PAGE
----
It's a question I have puzzled over throughout my career as a journalist and as a mass-media professor: Why are "Christian movies" so bad?
Yes, there need to be quotes around the term "Christian movies." We are not talking about movies that are made by talented Christians who work in mainstream film. We're not talking about Frank "It's a Wonderful Life" Capra in the past or Scott "The Exorcism of Emily Rose" Derrickson in the present.
No, we're talking about, well, you know -- "Christian movies." The kinds of movies that resemble fundraising letters aimed at people in niche pews. Yes, Hollywood makes some preachy movies, too. That's a topic for another day, another podcast.
But why are those "Christian movies" so bad? Another Christian in the Hollywood mainstream, David "Home Improvement" McFadzean once offered up this brutal quote: The typical "Christian movie" is very similar to a porno movie. "It has terrible acting. It has a tiny budget. And you know exactly how it's going to end."
Ouch. Anyway, this was the topic that loomed in the background this week as "Crossroads" host Todd Wilken and I discussed my recent Universal syndicate column about the Angelina Jolie movie version of "Unbroken," which was based on parts -- wait for it -- of the amazing "Unbroken" bestseller by Laura Hillenbrand. Click here to listen in on that podcast.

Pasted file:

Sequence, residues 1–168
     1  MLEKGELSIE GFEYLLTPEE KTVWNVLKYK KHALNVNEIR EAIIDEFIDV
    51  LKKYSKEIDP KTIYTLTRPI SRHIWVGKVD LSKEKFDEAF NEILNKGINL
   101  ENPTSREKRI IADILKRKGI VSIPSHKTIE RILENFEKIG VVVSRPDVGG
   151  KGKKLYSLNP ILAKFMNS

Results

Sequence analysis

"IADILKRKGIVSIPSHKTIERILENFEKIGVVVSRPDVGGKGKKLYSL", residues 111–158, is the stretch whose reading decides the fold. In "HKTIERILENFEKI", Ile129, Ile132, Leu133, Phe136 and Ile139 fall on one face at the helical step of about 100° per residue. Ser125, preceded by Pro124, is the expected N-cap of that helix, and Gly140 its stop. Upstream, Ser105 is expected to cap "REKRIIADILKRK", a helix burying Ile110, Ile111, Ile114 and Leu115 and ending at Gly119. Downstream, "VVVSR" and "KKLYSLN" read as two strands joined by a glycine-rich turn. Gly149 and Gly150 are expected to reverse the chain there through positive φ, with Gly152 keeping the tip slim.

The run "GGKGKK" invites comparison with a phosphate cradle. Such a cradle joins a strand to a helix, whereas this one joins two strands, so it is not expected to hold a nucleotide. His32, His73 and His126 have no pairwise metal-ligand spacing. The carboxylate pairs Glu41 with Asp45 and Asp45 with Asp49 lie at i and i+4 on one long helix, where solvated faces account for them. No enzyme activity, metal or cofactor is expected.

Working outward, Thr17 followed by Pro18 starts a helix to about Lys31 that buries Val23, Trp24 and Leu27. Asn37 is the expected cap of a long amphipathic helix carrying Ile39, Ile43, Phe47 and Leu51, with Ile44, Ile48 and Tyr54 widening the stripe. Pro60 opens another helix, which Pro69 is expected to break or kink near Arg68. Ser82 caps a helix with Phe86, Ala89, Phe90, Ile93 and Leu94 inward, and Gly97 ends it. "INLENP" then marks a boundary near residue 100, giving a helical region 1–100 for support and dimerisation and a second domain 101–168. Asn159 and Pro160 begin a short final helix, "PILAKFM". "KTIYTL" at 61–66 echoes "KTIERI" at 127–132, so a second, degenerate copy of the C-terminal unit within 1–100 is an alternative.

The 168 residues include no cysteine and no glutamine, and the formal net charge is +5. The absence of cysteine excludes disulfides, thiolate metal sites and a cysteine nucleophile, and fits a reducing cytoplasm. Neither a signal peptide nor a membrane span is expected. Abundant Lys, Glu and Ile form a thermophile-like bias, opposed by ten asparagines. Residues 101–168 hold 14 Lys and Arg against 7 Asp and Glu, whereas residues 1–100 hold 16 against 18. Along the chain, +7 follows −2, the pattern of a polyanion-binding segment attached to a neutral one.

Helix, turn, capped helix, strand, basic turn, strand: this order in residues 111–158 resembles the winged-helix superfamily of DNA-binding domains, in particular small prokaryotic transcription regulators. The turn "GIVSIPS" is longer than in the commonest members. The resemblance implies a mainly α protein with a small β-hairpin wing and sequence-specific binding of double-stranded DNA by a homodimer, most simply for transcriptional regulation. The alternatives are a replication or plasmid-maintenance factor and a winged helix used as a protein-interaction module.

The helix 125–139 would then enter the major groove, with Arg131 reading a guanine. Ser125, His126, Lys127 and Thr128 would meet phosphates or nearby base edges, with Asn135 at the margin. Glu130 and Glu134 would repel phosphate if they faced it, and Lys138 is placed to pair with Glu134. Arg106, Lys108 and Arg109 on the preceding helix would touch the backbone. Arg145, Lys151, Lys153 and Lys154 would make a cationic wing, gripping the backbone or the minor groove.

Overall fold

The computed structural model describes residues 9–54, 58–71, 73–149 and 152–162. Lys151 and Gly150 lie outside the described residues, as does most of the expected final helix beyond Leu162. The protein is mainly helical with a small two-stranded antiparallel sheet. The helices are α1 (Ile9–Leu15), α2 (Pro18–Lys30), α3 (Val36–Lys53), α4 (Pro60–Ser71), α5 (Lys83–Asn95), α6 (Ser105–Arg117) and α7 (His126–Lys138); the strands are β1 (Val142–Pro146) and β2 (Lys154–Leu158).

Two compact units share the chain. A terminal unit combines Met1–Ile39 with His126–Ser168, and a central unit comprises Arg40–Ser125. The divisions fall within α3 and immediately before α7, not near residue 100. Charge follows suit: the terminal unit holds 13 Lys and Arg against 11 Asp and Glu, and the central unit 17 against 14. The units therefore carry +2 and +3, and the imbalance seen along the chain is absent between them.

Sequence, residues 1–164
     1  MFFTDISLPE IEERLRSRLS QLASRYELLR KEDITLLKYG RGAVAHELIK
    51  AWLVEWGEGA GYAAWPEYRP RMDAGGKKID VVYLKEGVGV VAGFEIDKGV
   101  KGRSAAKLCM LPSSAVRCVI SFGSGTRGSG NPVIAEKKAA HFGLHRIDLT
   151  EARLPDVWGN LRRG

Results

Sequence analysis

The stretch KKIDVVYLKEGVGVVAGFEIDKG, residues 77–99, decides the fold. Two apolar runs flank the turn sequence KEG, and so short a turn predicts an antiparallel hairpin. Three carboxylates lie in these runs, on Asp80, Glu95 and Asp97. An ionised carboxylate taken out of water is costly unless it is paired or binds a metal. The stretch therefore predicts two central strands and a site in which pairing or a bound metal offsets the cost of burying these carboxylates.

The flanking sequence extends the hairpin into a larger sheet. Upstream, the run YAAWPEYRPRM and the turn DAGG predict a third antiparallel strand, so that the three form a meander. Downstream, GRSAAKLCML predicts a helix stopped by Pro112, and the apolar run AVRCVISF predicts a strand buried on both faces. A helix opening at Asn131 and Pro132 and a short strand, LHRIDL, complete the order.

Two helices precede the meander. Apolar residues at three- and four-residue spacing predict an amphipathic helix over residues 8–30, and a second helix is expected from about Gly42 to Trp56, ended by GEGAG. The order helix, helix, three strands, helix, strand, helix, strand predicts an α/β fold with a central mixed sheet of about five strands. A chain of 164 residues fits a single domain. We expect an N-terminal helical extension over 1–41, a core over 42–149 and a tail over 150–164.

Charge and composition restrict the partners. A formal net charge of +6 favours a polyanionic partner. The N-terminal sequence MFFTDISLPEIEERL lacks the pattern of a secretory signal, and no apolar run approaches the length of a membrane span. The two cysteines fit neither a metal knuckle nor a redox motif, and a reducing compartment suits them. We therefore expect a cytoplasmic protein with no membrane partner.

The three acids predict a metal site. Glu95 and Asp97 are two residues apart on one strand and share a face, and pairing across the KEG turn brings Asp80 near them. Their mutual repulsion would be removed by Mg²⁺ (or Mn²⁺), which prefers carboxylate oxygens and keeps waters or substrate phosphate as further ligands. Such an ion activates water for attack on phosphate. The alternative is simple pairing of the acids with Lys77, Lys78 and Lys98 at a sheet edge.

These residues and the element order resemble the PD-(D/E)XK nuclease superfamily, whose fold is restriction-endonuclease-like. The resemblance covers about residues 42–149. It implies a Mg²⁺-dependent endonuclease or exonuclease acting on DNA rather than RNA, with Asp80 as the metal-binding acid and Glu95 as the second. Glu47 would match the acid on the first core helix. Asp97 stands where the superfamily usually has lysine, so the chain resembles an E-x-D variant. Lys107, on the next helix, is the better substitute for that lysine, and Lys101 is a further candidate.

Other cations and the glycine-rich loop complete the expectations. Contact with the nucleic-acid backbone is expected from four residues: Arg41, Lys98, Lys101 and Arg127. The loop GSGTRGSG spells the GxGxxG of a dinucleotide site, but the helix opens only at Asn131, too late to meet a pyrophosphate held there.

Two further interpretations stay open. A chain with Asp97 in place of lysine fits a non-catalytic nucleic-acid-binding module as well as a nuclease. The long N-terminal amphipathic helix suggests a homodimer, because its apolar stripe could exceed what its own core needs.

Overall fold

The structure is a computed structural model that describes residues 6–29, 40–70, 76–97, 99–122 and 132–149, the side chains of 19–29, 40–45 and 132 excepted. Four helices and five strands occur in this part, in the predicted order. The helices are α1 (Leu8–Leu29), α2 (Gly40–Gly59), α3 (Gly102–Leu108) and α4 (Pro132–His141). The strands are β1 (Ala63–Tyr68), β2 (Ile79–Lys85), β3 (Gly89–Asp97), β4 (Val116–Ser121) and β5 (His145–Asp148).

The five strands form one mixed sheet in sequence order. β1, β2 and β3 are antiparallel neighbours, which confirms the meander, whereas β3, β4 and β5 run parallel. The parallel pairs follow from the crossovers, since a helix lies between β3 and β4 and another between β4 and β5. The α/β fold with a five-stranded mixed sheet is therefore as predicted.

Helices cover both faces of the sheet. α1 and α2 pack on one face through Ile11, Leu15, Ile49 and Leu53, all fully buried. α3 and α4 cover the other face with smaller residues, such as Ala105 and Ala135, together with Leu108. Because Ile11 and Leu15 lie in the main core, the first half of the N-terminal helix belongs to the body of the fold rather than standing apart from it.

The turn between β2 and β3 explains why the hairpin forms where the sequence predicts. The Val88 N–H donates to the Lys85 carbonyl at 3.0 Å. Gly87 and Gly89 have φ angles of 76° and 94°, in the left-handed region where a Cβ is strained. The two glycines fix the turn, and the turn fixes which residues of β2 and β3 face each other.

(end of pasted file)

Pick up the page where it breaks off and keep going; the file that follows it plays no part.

Jolie explained -- check out this Religion News Service report by former GetReligionista Sarah Pulliam Bailey -- that she left out the born-again Christian chapters of the life of Greatest Generation icon Louis Zamperini in order to tell a "universal" story of faith and forgiveness that could be understood by all.
In other words, Jolie didn't want to make what some people call a "Billy Graham movie," which ends with repentance and redemption. The only problem, as I explained in my column, is that Zamperini actually lived a real Billy Graham story.
... The drama was real in 1949 when a shattered sinner named Louis Zamperini attended Graham's historic "canvas cathedral" crusade in Los Angeles.
Come judgment day, warned the evangelist, "they are going to pull down the screen and they are going to shoot the moving picture of your life from the cradle to the grave, and you are going to hear every thought that was going on in your mind every minute of the day ... and you're going to hear the words that you said. And your own words, and your own thoughts, and your own deeds, are going to condemn you as you stand before God on that day."
Whenever Zamperini told his life story -- a rebellious childhood, Olympic glory, then the horrors of World War II, including 47 days adrift in the shark-infested Pacific, followed by two hellish years in prison -- this was the climactic scene. He was soaking his nightmares in alcohol, facing divorce and obsessed with killing his torturers.
Graham said: "Here tonight, there's a drowning man" at the breaking point, someone "lost in the sea of life." It took a sermon or two, but Zamperini surrendered.
By the way, the Billy Graham Evangelistic Association has done its own documentary about Zamperini and his life and it's worth seeing. Click here to check that out.